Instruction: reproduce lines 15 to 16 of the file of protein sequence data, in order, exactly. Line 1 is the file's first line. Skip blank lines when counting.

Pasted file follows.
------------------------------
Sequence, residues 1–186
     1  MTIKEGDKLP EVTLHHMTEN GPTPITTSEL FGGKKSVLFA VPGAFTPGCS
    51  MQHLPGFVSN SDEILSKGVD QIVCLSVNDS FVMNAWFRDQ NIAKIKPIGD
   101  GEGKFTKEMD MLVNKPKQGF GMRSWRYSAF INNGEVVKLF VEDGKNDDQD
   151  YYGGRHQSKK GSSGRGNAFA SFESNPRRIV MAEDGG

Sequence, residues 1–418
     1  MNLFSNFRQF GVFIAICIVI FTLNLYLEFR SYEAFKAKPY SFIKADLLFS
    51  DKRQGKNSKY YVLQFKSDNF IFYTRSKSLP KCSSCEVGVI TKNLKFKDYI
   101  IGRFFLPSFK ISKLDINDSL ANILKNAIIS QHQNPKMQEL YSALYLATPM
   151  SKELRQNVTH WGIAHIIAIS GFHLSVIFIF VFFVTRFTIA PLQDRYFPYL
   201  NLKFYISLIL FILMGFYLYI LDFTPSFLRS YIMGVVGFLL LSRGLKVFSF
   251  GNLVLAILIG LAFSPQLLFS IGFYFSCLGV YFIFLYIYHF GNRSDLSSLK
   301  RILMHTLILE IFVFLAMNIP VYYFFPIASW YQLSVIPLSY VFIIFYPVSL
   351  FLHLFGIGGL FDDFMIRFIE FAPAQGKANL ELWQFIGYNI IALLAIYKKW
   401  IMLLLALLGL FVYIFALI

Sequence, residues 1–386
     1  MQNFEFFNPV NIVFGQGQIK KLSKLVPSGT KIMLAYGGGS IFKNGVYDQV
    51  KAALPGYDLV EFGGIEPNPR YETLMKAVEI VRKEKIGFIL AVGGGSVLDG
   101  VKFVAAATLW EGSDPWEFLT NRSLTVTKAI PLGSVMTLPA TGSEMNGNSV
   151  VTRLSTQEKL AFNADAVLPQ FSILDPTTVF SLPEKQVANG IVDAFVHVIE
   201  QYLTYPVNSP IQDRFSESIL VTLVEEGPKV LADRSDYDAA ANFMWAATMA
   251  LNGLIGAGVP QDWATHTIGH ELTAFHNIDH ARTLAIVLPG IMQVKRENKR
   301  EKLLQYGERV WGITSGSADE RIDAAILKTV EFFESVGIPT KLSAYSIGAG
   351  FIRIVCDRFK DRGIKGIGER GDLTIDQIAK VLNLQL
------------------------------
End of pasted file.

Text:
   401  IMLLLALLGL FVYIFALI

Sequence, residues 1–386